9 Dec 2017

Better drug and alcohol treatment key to new HNZ policy

9:20 pm on 9 December 2017

A properly resourced mental health system will be crucial to a number of reforms the government hopes to get underway, the Drug Foundation says.

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Photo: RNZ/Claire Eastham-Farrelly

Yesterday the Housing Minister Phil Twyford said the government was scrapping a policy of evicting state house tenants if their homes tested positive for methamphetamine.

Instead, support for drug and alcohol addiction would be given.

The Drug Foundation's chief executive Ross Bell said a fully-resourced system was crucial, not just for Housing New Zealand tenants, but to the success of other restorative systems.

"This is the crux of this issue, you're going to have not just in the housing space but with Corrections, criminal justice reform, with even the new regional development policy, all these reforms that the government wants to make are going to be heavily dependent on a properly resourced drug and alcohol addiction treatment sector."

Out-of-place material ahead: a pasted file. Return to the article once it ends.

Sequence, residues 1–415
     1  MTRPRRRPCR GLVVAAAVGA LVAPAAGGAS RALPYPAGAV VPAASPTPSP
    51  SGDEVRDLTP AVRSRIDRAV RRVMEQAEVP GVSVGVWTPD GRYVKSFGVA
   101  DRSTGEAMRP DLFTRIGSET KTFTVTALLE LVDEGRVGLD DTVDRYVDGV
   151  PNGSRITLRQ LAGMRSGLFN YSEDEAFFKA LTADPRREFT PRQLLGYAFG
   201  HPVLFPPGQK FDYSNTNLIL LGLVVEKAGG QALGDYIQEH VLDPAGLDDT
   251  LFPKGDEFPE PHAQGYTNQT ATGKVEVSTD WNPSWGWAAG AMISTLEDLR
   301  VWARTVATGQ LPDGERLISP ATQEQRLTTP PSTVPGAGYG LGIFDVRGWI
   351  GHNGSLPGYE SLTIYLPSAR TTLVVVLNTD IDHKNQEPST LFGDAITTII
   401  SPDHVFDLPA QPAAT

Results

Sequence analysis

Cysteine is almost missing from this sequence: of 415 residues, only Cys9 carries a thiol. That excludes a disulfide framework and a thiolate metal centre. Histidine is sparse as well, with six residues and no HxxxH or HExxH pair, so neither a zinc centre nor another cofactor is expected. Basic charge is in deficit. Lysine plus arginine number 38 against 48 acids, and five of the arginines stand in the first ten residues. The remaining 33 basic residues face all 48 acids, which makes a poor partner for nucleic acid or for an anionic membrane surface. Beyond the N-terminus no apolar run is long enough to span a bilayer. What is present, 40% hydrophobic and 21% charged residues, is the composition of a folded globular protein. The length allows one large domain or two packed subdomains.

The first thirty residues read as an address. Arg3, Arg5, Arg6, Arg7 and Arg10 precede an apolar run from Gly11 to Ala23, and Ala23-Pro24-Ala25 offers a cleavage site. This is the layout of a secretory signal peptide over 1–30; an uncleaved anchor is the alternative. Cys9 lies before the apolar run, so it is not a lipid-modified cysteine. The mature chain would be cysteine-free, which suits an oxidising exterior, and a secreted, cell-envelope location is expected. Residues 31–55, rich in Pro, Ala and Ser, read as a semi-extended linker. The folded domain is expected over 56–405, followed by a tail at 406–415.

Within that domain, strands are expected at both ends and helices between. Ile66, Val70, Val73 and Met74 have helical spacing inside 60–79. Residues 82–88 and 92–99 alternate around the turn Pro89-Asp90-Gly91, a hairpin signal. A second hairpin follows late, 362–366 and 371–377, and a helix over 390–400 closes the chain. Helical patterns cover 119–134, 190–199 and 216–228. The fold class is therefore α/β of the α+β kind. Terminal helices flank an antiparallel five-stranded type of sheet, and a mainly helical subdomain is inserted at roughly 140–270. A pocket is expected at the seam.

Mr Bell said he was confident that the promise would be backed up and said an overhaul of the policy had been on the cards for a while.

"We've been talking to Housing New Zealand behind the scenes for some time now. We've known for decades that that's a sector that's been under-resourced so the government has said they're going to invest more in this area and I think they're going to be surprised at the level of investment that's going to be needed."

The current policy allows the government to evict tenants if miniscule traces of methamphetamine are detected in the property.

It has meant hundreds of state houses have remained empty due to contamination fears and millions of dollars spent on cleaning up the drug.

Mr Bell said he was glad this would no longer be the case.

"The kinds of people who get housed by Housing New Zealand have complicated and tricky lives, often have mental health issues, will often have drug and alcohol dependency and other sort of social issues."

Mr Bell said it was still early days but the Health Ministry's promised mental health and addiction enquiry was the starting point.

"I think that's probably going to be the vehicle that a lot of us are going to use to highlight the inter-connectedness of all these problems and where some of the pressures are on the system and where resources are going to be needed so I think a lot of New Zealanders need to get engaged in that mental health enquiry.

"They need to get that right, and then really quickly they need to get resources out into the community."